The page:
And once I started I couldn’t stop. My voice ricocheted like bullets all over the room. I had tripped the safety and that trigger was hot. Normally so measured and careful with my words, I found it liberating to just let the fur fly.
Lost in my heated release, I never focused on your face. My anger blurred the edges, obscuring the hurt and astonishment. That is, until I stopped and took a breath.
I saw the full force of my assault and overreaction reflected in your flushed cheeks and wide eyes. In that moment, all the swagger of your 17 years dissipated.
“Just stop yelling,” you implored. “I’ll do anything if you just stop yelling.”
Your words stunned me, and I immediately collapsed on your bed—defeated, remorseful, and without ammunition to defend my weakened position. But I attempted to explain anyway.
I know you think it is ridiculous that I went on a rampage because your bags, clothes, and shoes litter every room despite multiple requests to pick them up. I know you see this as a gross, irrational response to a normal situation, so sure that I am making mountains out of the molehills of daily life.
What you don’t know is that I yelled because I am scared. The waters of parental fear run deep, and the weight of the teen years anchor us far from the safety of our emotional shoreline. We second-guess every turn, sure that we are going to run aground in our efforts to chart your course.
I know the stakes are high every time you walk out the door. Gone are the days of worrying about potty training and developing fine motor skills, which all seemed so overwhelming at the time. Teetering on the edge of adulthood and anxious to bid childhood goodbye, you make decisions without me every day. You navigate things small and large—driving responsibly, social situations with drugs and alcohol, college applications, a job, and schoolwork.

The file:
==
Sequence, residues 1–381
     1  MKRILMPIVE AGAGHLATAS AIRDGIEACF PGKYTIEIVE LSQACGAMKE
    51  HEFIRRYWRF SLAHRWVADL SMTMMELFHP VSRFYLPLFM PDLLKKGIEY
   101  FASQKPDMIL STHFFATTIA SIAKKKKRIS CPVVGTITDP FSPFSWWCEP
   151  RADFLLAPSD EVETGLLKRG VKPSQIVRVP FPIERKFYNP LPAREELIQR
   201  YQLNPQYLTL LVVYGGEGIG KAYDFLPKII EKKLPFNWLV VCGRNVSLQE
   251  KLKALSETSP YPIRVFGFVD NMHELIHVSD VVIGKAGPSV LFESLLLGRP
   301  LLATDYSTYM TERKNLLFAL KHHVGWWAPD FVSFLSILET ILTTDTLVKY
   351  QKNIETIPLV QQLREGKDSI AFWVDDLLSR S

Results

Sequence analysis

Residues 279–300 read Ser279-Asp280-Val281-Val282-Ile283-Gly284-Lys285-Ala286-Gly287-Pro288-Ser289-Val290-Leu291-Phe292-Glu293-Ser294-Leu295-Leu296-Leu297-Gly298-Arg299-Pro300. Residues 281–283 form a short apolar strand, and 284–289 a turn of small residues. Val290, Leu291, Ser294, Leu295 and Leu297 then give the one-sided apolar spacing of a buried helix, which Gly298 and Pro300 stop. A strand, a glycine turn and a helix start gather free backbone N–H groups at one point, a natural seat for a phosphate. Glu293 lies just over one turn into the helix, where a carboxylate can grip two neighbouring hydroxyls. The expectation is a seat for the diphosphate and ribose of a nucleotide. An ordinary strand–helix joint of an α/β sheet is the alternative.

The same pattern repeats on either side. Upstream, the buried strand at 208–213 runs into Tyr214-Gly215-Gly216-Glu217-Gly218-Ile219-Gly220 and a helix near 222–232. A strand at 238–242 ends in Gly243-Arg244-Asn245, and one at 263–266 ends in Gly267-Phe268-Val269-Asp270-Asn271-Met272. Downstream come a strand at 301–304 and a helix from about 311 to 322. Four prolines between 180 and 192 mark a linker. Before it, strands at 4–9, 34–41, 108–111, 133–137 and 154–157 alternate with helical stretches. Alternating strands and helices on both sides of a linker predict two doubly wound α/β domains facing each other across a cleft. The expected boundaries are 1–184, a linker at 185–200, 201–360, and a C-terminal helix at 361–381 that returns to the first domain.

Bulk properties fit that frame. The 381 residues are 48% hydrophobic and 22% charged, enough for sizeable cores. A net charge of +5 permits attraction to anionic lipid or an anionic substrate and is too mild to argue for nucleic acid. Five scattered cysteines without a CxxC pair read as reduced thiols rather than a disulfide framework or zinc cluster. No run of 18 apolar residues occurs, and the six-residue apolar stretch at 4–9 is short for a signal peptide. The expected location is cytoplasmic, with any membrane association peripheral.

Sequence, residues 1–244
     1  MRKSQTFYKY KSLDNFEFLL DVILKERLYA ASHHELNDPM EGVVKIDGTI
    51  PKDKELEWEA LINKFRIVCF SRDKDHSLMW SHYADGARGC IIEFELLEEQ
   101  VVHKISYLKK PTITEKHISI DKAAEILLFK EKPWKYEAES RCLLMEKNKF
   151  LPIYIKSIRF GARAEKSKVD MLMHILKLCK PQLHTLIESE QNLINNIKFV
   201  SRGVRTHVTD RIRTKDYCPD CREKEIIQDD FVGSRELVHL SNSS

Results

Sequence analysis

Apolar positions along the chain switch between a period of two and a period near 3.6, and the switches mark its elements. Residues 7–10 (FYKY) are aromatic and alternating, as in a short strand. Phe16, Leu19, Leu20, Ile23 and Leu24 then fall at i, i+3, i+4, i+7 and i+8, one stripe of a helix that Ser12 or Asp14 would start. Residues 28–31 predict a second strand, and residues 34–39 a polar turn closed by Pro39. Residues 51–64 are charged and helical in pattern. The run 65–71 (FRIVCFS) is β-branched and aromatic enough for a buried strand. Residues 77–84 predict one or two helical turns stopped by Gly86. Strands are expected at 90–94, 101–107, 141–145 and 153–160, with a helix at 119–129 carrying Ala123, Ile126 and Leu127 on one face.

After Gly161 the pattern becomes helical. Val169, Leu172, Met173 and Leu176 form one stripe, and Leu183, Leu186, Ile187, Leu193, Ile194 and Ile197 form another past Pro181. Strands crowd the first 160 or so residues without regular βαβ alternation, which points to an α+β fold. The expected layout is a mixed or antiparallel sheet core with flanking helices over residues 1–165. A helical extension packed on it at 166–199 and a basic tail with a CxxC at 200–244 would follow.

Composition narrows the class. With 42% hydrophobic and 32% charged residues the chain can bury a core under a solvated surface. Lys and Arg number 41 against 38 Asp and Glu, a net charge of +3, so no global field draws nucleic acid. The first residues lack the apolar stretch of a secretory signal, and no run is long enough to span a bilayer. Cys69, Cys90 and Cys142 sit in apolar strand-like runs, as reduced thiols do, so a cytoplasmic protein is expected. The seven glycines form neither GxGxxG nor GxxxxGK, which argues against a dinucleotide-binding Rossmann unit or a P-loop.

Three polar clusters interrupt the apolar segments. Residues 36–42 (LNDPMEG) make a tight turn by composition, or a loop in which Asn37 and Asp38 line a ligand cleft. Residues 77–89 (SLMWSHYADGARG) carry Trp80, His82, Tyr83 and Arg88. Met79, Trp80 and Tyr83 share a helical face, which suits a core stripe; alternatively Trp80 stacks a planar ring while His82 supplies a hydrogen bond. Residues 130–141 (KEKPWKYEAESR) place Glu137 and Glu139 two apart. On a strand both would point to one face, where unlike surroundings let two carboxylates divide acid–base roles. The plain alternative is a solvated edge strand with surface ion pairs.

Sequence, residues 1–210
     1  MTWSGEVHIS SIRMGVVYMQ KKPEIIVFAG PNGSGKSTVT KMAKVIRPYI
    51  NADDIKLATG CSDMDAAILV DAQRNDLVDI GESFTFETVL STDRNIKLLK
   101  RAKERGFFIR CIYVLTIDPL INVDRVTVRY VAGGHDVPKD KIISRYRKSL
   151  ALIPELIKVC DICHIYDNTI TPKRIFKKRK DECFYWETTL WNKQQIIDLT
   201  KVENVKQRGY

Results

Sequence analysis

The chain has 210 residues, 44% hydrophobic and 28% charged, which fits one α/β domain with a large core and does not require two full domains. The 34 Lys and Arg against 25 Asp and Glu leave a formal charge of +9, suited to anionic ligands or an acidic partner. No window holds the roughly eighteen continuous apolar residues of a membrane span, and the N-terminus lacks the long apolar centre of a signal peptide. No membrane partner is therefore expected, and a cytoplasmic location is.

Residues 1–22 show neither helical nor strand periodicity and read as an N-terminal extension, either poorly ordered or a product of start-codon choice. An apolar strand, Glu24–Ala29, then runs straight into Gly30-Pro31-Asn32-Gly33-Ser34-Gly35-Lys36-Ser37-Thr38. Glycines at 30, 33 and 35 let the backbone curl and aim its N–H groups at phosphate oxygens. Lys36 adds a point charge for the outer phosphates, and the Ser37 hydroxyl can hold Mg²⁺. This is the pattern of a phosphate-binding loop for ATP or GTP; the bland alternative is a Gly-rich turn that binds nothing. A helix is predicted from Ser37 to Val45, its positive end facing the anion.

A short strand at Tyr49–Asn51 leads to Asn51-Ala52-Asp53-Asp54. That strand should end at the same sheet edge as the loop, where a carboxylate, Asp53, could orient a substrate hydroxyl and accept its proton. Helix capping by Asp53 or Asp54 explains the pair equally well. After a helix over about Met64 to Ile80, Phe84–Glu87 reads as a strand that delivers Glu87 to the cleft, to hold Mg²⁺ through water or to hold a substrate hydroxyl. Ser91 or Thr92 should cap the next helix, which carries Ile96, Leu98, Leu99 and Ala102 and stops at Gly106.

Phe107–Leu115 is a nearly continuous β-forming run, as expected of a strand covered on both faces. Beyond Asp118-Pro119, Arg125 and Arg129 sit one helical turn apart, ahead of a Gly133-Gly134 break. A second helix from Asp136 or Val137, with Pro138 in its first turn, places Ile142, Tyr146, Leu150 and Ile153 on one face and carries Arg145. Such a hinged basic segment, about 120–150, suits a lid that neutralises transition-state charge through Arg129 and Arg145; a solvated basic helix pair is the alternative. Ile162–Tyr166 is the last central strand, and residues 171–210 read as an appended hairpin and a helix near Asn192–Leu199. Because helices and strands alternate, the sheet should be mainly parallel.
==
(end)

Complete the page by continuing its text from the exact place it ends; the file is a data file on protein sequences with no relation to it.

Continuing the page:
There is a spring in your step as you leave the house, flush with freedom. But on the other side of that door, I lean against the wood, grasping the deadbolt while willing myself not to fling it open and call you back to the safety within our walls.
I remember too well the bad choices I made as a teen. Some were inconsequential and others could have had serious ramifications. Because we were not nearly as informed as your generation, our sense of glorious immortality made us plunge where we should have waded. Today, many a conversation among my peers centers on the fact that we are lucky to be alive.
And I want you to live. To rise and fall. To hurt and feel so raw you will struggle to stem the bleeding. To learn what and who fortifies your soul. To mature but never lose the ability to laugh at yourself. I want it all for you. Yet the reality of you slipping away to attain it drowns me some days.
I panicked and flailed and clung to anger like a life preserver. I yelled because the dam of fear broke wide open and debris swirled to the surface, because I know too much about life’s journey. I yelled because I remember your first day of kindergarten and how hesitant you were to release my hand. Sadly, I know that time is a temptress, seducing us with dreams of forever and mocking our protests as she advances without our consent.